How to find nv add on prescription?
Eyeglasses prescriptions use the same standard format and common notations. This makes them universal, meaning that they can be read anywhere in the world.
The article will use a sample eyeglasses prescription to walk you through how to read your own.
Providers who write eyeglasses prescriptions may Latin abbreviations. While they have been used for a long time, Latin abbreviations are becoming less common.
On your prescription, you might see abbreviations for specific terms instead.
For example, the word "power" is sometimes written as "PWR." Another common term is "sphere" which is sometimes abbreviated as "SPH" on a prescription.
Here's what the Latin abbreviations on the example prescription mean:
In addition to terms and abbreviations, eyeglasses prescriptions also include a lot of numbers.
You'll also see some mathematical symbols like the plus sign (+) and minus sign (-).
In the example prescription, the first number to the right of OD is -2.00. This is the "sphere" part of the prescription, which may be abbreviated as "SPH."
The sphere number indicates whether you have nearsightedness or farsightedness.
Nearsighted people have trouble seeing things that are far away. Farsighted people have trouble seeing things that are up close.
You'll also see a plus sign or minus sign before the number.
The next number in the sample prescription is -0.50. This is the "cylinder" measurement. On your prescription, "cylinder" might be abbreviated as "CYL."
The cylinder measures the degree of astigmatism in your eye. The number shows how much lens power will be needed to correct astigmatism.
The next number is x 180, which is read as "axis 180." On your prescription, "axis" is sometimes abbreviated as "X" or "AX."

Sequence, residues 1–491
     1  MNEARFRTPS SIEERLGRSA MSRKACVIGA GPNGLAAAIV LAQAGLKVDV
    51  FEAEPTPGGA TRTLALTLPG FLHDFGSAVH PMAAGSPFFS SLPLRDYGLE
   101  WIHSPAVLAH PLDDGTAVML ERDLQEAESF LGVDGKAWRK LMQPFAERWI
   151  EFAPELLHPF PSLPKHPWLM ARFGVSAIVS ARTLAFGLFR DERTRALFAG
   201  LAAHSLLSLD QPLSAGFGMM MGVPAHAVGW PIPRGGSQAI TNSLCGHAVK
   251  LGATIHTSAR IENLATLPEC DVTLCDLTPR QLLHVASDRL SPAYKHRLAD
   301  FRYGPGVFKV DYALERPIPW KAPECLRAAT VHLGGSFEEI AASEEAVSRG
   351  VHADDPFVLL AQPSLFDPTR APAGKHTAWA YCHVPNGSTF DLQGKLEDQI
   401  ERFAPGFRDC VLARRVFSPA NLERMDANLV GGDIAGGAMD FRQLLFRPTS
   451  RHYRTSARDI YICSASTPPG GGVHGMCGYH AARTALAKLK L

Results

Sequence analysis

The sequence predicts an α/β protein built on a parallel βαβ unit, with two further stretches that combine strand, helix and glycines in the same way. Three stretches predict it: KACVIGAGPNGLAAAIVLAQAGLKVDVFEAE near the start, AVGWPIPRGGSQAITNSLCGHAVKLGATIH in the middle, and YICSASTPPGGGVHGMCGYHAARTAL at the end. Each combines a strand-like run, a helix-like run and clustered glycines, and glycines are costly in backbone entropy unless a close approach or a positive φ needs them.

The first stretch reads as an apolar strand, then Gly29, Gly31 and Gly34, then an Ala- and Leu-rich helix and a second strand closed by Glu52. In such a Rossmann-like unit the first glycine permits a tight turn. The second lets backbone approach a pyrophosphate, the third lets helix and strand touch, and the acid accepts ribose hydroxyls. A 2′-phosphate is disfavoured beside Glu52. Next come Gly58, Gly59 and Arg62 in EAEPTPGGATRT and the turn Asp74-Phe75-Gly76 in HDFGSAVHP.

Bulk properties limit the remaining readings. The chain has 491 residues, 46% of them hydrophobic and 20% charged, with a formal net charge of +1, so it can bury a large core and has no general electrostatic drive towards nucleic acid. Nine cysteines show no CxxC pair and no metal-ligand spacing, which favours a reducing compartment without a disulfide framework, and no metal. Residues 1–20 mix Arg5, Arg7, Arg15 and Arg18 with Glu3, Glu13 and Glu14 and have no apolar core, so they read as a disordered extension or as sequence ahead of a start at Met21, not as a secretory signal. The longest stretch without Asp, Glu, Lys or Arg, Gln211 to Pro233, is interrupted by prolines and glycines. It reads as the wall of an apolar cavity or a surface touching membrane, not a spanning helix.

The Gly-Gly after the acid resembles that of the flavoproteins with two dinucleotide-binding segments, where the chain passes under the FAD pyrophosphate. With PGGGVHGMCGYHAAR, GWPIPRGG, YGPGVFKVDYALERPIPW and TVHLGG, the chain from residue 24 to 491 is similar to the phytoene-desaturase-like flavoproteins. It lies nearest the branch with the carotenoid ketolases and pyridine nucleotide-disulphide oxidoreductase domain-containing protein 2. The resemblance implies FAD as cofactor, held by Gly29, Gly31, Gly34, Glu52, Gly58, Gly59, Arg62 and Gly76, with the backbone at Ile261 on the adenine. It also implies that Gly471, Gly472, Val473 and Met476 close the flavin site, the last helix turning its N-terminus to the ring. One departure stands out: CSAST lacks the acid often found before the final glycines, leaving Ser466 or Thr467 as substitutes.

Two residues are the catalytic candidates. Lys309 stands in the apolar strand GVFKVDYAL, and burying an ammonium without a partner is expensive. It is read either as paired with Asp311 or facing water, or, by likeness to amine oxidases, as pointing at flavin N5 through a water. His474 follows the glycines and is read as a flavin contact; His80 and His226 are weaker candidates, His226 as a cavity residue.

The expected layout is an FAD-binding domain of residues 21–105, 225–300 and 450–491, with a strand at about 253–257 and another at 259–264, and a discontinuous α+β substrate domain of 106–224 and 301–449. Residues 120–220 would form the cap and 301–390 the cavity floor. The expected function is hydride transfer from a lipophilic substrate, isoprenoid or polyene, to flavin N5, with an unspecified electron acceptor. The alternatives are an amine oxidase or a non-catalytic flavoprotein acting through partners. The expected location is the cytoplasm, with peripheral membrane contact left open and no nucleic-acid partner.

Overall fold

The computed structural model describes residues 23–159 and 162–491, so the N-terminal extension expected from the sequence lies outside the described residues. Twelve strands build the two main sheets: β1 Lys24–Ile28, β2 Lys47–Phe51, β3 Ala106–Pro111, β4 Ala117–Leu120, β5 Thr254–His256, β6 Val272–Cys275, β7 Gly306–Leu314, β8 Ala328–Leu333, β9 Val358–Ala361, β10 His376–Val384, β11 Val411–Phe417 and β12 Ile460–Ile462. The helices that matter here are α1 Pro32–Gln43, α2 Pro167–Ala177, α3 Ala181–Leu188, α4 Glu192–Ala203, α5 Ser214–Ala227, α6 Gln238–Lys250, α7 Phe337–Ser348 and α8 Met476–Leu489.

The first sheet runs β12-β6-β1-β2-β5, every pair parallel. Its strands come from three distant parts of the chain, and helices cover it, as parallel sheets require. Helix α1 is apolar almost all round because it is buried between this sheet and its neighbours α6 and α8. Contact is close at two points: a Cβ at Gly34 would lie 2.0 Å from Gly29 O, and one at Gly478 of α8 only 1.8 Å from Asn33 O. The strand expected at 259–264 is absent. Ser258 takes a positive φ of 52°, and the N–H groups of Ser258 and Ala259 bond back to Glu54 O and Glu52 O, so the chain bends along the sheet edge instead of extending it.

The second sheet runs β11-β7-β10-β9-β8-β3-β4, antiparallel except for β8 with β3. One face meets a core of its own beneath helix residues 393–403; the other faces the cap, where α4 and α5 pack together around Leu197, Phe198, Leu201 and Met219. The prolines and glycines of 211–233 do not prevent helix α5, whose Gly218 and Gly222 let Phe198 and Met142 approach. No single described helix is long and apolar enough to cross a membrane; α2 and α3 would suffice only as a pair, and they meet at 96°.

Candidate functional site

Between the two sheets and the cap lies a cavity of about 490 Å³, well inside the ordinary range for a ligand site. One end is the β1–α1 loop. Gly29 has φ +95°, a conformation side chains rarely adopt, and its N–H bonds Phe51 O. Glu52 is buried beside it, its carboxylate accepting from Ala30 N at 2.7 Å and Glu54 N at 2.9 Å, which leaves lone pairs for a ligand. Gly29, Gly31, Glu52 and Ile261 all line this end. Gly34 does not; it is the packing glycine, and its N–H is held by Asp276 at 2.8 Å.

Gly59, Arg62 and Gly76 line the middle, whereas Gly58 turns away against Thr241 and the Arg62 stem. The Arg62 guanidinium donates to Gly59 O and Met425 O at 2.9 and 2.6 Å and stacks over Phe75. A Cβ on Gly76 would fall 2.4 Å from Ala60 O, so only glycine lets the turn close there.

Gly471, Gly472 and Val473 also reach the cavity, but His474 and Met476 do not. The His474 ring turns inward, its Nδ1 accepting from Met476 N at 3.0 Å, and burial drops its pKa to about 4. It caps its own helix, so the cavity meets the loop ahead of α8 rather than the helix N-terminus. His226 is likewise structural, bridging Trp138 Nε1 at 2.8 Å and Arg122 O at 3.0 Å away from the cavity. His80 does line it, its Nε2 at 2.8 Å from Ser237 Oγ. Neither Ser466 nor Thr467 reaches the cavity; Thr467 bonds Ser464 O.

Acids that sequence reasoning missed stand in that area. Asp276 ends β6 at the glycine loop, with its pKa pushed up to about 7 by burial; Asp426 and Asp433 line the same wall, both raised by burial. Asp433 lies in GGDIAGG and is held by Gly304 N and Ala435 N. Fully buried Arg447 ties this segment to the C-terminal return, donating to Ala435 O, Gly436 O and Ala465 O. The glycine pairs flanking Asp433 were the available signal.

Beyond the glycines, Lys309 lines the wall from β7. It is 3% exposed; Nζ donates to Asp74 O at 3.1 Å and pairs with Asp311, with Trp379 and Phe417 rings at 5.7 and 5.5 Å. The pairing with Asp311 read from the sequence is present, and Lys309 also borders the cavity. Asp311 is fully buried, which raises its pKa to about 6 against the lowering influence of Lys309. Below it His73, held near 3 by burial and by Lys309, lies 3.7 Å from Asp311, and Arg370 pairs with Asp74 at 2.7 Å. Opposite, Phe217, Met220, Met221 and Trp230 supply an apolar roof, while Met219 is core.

This number is an angle in degrees from 0 to 180. If you have astigmatism, this number points to where it is in your eye.
The cornea is the clear covering of your eye. It is the part of your eye that does most of the focusing.
In the example, the left eye's "sphere" number is plus one (+1.00) DS.
The letters DS mean "diopters sphere." This number means the left eye’s correction is spherical with no astigmatism.
In other words, the right cornea probably has a slightly oblong shape while the left cornea is very close to being perfectly round.
In the example, the ADD number of +1.75 notes how much power needs to be "added" to the distance prescription. This addition helps a person see better for reading and other activities that they do up close.
Younger people's prescriptions usually do not have an ADD number. While some young people can have near-focusing problems, it usually develops as you approach 40.
Some people think the ADD number is the power needed for over-the-counter (OTC) reading glasses (or "readers"), but it's not the same thing.
To get the right number, you need to do a little math.
To find the right reading glasses, add the sphere number to the ADD number.
In the above example, for the right eye, this would be -2.00 and +1.75, which equals -0.25. For the left eye, add +1.00 and +1.75 to get +2.75.
Next, look at the cylinder measurement and the axis measurement.
In the example, the correct number for the right eye is -0.25 -0.50 x 180 while the correct number for the left eye is simply +2.75.